Two abandoned uranium mines in the Carson National Forest that for decades posed threats to human and ecological health have been cleaned up.
The Tusas East Slope and J.O.L. mine sites are located less than a mile from each other, about 10 miles west of Tres Piedras in the national forest off of Forest Road 712.
Gamma radiation and radium-226 levels in the waste rock piles at the two mines were "significantly greater" than background concentrations and possibly presented "a significant risk to frequent site visitors and ecological rectors," according to an environmental review prepared by Weston Solutions in 2016.
The exposed mining areas were open to the public - including people who ride all-terrain vehicles, hikers, hunters and wood collectors - for decades.
Both mines were active for only one year during the Cold War-fueled uranium boom.
The Tusas East Slope Mine, then owned by the Colonial Uranium Company, produced 8 tons of uranium ore during 1954 and left behind 752 cubic yards of unconfined and uncontrolled waste material in three piles and two pits, according to Forest Service documents.
The J.O.L. site was mined in 1956 by the Arriba Uranium Company. The mine saw 8 tons of uranium ore produced, but it also left behind 445 cubic yards of waste material in five piles, as well as a collapsed tunnel.
The New Mexico Abandoned Mine Land Program, housed under the New Mexico Energy, Minerals and Natural Resources Department, identifies and helps clean up pre-1977 mines throughout the state.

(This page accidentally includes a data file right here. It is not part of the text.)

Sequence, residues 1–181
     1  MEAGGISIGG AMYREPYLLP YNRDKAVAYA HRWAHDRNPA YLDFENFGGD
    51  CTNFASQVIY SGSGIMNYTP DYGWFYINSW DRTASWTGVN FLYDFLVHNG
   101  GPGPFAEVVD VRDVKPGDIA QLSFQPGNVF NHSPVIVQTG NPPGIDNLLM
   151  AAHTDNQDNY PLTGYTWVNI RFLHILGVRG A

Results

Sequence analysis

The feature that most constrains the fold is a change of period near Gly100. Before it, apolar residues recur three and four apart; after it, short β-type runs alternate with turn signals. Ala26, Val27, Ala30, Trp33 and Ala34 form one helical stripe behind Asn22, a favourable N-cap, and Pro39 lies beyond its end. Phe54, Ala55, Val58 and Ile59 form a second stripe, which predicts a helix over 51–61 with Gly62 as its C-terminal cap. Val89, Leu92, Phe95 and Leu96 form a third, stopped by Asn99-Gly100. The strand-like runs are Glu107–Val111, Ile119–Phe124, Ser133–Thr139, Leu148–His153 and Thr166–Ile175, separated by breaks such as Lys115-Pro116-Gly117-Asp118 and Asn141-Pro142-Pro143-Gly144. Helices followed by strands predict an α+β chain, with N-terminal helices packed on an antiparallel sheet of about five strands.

According to the department's website, more than 340 million pounds of uranium was mined from New Mexico's private, state, federal and tribal land between 1940 and 2002. The department finished a four-year inventory of legacy (abandoned) uranium mines in 2010, paving the way for collaborations with other government agencies to "survey, prioritize and clean up" the mines.
Both Carson mines - as well as two former uranium mines in the Santa Fe National Forest - were among those identified by the inventory.
The original companies that owned the mines are no longer around, so the responsibility for the cleanup fell to the U.S. Forest Service. The agency decided in July to remediate both Carson sites and the High Peak Mine in Santa Fe, contracting with Engineering Remediation Resources Group for $294,911.74.
According to Maria McGaha, a regional environmental engineer with the Forest Service, the cleanup is among its smallest and least costly remediation projects.
The waste material from the Tusas East Slope and J.O.L. mines was dumped into a single excavated area and covered with dirt, reseeded and fenced.
McGaha said the risk of radioactive materials leaching into the ground and waterways was low enough to not warrant a bottom seal in the repository, but that the site would be monitored annually for five years.
The Forest Service inspected the work sites Sept. 18. Cleanup at all three sites was officially completed Sept. 22.